Fostering in Lockdown: Has your world shrunk?

I wonder what you’ve missed most in ‘Lockdown’?

Whatever your situation, I’m sure your life has been limited over the last 18 months. Perhaps you’ve missed loved ones, friends, being outside, being at work, or are just frustrated at being denied the chance to do what you want, when you want.

However difficult your situation, I trust you have some hope that life will improve.

We have two birth kids. The kid whose face you can’t see lived with us for 15 months. He loved the park and rarely grew tired of pointing out trees. He also liked sticks, leaves and the cafe.

My family became Foster Carers for Liverpool City Council in 2010.

One of the first children we cared for was four years old.

On his second day with us he dutifully held my hand as we headed off to the local park.

He had very limited language.

As we walked across the grass, he stopped, pointed, and muttered something barely audible.

I looked to see what had caught his attention.

It soon became clear he was pointing at a tree.

That little boy spent the next 20 minutes stroking the bark, marvelling at the leaves, and staring up at its enormous height.

It was fairly evident that he’d never seen a tree before, and certainly never touched one.

We spent many wonderful hours exploring that park.

We worked out, purely by observation, that he’d never experienced the wonder of television, knew nothing of swimming pools, cinemas, shops, ball pools, or bath time.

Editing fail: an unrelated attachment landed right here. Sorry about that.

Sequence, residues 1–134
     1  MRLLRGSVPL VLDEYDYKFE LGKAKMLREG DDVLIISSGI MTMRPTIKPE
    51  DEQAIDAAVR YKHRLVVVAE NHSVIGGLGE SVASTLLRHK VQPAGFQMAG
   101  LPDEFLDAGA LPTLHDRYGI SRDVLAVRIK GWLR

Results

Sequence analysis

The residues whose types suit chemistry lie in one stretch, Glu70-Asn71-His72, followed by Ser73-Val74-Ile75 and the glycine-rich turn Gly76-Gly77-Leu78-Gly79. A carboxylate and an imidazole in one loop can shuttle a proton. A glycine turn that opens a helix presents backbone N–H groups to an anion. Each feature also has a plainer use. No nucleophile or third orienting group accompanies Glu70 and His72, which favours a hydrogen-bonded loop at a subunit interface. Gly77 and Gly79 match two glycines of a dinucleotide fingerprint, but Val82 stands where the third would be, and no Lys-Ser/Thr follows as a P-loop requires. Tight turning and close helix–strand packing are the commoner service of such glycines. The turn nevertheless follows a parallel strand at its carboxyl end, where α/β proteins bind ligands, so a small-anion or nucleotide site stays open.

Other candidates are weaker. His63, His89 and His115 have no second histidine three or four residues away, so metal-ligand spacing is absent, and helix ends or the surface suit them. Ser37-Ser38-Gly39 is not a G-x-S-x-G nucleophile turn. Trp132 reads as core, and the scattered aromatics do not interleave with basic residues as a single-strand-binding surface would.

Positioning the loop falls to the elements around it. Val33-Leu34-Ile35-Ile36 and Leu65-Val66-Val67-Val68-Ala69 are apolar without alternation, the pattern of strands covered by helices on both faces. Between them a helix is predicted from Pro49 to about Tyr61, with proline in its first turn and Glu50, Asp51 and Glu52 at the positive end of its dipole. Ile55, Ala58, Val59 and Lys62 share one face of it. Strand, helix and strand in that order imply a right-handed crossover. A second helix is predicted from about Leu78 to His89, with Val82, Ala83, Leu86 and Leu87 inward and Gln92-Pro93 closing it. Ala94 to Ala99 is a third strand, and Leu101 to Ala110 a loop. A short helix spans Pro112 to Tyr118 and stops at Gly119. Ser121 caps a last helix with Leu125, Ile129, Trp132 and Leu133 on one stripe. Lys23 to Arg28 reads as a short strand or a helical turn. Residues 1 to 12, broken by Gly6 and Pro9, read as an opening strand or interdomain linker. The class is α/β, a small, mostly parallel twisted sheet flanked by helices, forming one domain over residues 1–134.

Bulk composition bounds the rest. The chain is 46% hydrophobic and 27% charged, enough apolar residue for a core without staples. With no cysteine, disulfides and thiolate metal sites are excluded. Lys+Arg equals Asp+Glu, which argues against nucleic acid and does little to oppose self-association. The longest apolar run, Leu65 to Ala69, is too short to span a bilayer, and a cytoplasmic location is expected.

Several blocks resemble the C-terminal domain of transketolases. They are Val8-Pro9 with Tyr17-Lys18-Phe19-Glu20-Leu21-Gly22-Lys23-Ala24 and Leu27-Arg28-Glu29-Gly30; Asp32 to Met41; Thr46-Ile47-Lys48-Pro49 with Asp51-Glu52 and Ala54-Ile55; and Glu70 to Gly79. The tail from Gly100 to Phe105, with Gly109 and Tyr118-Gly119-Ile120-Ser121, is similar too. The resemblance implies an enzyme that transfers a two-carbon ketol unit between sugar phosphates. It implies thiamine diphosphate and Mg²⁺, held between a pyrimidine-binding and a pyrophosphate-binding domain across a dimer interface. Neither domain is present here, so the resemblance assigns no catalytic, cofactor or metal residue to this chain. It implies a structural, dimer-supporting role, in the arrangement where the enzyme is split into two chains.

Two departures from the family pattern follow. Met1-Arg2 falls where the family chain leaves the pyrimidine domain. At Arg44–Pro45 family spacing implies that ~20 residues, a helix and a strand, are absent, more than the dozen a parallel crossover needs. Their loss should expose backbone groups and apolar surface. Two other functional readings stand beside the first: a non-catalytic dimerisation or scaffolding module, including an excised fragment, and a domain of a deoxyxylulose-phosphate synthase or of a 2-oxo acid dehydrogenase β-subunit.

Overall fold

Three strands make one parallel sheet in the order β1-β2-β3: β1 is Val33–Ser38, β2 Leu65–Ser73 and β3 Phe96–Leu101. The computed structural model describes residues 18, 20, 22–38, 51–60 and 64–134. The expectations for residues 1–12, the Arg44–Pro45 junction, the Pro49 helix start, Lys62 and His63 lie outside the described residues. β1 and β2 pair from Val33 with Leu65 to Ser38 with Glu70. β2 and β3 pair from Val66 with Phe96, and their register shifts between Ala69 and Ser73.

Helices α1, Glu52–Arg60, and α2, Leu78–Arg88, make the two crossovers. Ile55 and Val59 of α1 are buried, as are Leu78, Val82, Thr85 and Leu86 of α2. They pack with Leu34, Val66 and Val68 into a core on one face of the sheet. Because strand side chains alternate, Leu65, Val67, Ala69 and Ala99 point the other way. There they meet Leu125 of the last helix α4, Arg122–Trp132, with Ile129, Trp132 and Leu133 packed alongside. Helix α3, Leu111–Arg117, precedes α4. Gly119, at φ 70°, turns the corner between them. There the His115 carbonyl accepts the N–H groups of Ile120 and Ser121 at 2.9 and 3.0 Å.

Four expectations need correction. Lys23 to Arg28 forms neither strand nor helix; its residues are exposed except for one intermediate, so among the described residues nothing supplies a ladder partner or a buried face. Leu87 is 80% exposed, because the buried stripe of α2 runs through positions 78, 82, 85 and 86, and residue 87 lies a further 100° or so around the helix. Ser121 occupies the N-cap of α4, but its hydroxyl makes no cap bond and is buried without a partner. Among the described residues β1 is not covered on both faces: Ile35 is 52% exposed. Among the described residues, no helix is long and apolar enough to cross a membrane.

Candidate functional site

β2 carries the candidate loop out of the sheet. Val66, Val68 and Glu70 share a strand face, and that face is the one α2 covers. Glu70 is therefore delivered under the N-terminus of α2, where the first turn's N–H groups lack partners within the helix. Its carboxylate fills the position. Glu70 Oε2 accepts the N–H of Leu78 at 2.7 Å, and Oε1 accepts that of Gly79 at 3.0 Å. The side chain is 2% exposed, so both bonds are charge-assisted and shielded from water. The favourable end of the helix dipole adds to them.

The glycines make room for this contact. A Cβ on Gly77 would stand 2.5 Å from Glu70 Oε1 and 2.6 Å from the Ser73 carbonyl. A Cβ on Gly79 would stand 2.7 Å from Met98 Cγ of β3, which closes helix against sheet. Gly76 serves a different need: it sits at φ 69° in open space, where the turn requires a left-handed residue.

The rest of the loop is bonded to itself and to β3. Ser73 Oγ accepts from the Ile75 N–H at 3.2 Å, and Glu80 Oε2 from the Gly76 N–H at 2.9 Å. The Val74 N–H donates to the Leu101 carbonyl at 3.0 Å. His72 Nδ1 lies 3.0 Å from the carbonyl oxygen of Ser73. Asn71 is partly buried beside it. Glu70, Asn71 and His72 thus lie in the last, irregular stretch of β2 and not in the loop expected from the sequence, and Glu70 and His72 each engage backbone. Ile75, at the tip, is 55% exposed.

Over the 15 months he lived with us, we introduced him to all that normal stuff, the stuff we may all have missed over the last 18 months.

We also showed him a world where there was always enough to eat, you’d always be warm, and where people would not hurt you.

I guess that child had lived in a permanent “lockdown”, which ended when he came to live with us.

I know my family made a difference to his life.

My wife and I, and our teenage birth children have fostered seven children in total.  One lad came for just four hours, and one lad came for a day and is still with us seven years later. He has become one of the family.

Is it difficult? Yes. But the rewards outweigh the problems, and its value is unquantifiable. I’ve never run a marathon, climbed Kilimanjaro or run a FTSE company, However, I have convinced a kid that 3am is a bad time to play tennis, and that not all grown ups are dangerous.

If you want to find out more about fostering or adoption, please contact me or your Local Council

Published by

fosteringandadoptionwithphil

Birth parent, Foster Carer, Adopter and Recruiter of Foster Carers for Liverpool City Council

4 thoughts on “Fostering in Lockdown: Has your world shrunk?”

  1. Fostering is exactly that. One of my memories is of a 9 year old girl, unwrapping her ice lolly like it was a chocolate bar. She made sure the bottom was still in the paper so her fingers didn’t get messy. Then it dawned on me she had never had one before and didn’t know there was a stick. Sometimes it’s the everyday things that get you.

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  2. After 3 years fostering a young girl who had reached the age of 15 at the time , with many sleepless nights of trashing her room, self harming, spitting, snarling, on a daily basis, a brief truce with her behaviour seem to materialise. It seemed we were making progress……. 3 months in to the first lockdown a dark and menacing aura seemed to take hold of her….. she picked up a kitchen knife and proceeded to attack me…… lockdown did this…!!!!

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